Golden Football Magazine
November 26, 2020


"I wouldn't hire Belichick to run a Burger King," and "If the Pats owner cannot see why Belichick is wrong for his franchise, the team is doomed."
Opinions of a talk show host and a columnist in Boston after the Patriots started 0-4 in 2000, Bill Belichick's first season with the Patriots.

Tiger Den

LSU vs the Mannings - 3

Eli Manning faced the Tigers three times, starting in 2001.

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Saints Saga: New Series

Saints Playoff Games - 1987

In their 21st NFL season, the Saints finally made the playoffs.

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Seminole Sidelines

1964: First AP ranking after the Kentucky game

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Super Bowl XVIII

Washington Redskins vs Los Angeles Raiders

The Redskins won the regular season game but not the Big One.

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Memorable Football Game

1926 Rose Bowl: Alabama vs Washington

It's been called "the most important game in Southern football history."

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How Well Do You Know the Rules?

Recovers blocked punt and throws a pass

Unofficial college nicknames

SEC Legend: Don Hutson
SEC Football's Greatest Games: The Legendary Players, Last-Minute Prayers, and Championship Moments, Alex Martin Smith (2018)
Even as he worked his way toward All-America honors as the nation's best pass catcher, Don Hutson kept his sights on Major League Baseball. The NFL just wasn't sexy enough.
"They didn't even write about it in the newspapers," he said.
His high school basketball coach had forced him to play football as a senior. When he showed promise, a pool-hall owner in Hutson's hometown of Pine Bluff, Arkansas, helped him land a spot on Frank Thomas's football team at Alabama.
Two bum seasons in the Cincinnati Reds baseball organization - and a two-touchdown showing in Alabama's 1935 Rose Bowl victory - helped steer Hutson toward the gridiron career he kept trying to avoid.
The "Alabama Antelope" agreed to sign with the Green Bay Packers, and it was not long before he was the league's best player.
"He had all the moves," fellow Packers legend Tony Canadeo said. "He invented the moves."
The era's passing game was so undeveloped that simple changes - for example, turning Hutson into a "split end" by lining him up near the sideline - were extremely progressive in the 1930s. Hutson essentially created modern route-running, and coach Curly Lambeau aided his ascension by moving him from the defensive line to safety, thereby helping him avoid big hits on defense.
He had too many legendary moments to publish in this space, but here are a couple of the best:
In one game against the Detroit Lions, he caught four touchdown passes and kicked 5 extra points ... in one quarter. His record of 29 points in a single period still stands more than seven decades later.
In another game against the Cleveland Rams, Hutson was running a crossing route in the back of the end zone when he decided to change directions. Instead of simply stopping and cutting, he grabbed the right goalpost and swung himself around it - both feet off the ground - before making a one-handed touchdown catch.

L: Bear Bryant and Don Hutson, Alabama; R: Don Hutson and Curly Lambeau Green Bay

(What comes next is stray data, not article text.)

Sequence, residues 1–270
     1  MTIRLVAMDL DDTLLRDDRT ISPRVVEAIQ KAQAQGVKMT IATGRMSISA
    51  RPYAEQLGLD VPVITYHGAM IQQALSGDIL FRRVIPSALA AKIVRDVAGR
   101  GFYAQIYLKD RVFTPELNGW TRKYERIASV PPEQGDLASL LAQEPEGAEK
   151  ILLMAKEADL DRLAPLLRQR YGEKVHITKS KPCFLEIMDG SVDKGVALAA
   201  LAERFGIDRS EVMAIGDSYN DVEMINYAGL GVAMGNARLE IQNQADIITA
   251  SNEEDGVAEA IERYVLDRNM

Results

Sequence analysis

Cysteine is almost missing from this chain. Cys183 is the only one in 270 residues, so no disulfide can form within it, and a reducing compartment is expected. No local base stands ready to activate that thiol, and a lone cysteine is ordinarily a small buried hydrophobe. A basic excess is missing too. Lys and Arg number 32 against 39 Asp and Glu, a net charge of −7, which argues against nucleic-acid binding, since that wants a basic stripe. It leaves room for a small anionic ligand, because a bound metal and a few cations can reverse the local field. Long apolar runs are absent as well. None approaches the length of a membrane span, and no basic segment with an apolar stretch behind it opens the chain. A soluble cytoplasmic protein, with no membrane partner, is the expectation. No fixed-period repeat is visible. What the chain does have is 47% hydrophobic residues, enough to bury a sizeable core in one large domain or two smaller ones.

Hutson did not rewrite the record books; he wrote them.
His 488 career receptions were 298 ahead of the nearest challenger at the time of his retirement. His single-season record of 17 touchdown receptions stood for 42 years. His 99 career touchdown catches stood for 44.
Hutson led the NFL in receptions eight times, including five consecutive seasons. He led the league in receiving yards seven times, including four consecutive seasons. He led the league in touchdown receptions nine times, including five consecutive seasons. Those are all still NFL records. (He also intercepted 30 passes in his career.)
"He would glide downfield, leaning forward as if to steady himself close to the ground," Lambeau said. "Then, as suddenly as you gulp or blink an eye, he would feint one way and go the other, reach up like a dancer, gracefully squeeze the ball and leave the scene of the accident - the accident being the defensive backs who tangled their feet up and fell trying to cover him."
Of course, his time at Alabama was scintillating, too. Teammate Paul "Bear" Bryant knew he was watching an all-time great in Tuscaloosa.
"In all my life, I have never seen a better pass receiver," Bryant said. "He had great hands, great timing, and deceptive speed. He'd come off the line looking like he was running wide open, and just be cruising. Then, he'd really open up. He looked like he was gliding, and he'd reach for the ball at the exact moment it got there, like it was an apple from a tree."
Alabama coach Frank Thomas remembered a player who exhibited plenty of toughness to complement his graceful athleticism. There was an eerie calm about him, too.
"Hutson never tightened up," Thomas said. "He was as relaxed in the Rose Bowl as he was in practice."
Put simply by former Chicago Bears rival Clyde "Bulldog" Turner upon Hutson's death in 1997: "He was the best I've ever seen. I don't like to compare plaeyrs then with players now. But he was head and shoulders above the ones in that era."

Tiger Den: LSU vs the Mannings - 3
Saints Saga: Playoff Games - 1987
Seminoles Sidelines: First AP Ranking
Super Bowl XVIII - Redskins vs Raiders
Memorable Game: 1926 Rose Bowl
Short Story: SEC Legend - Don Hutson
How Well Do You Know the Rules?
Football Quiz


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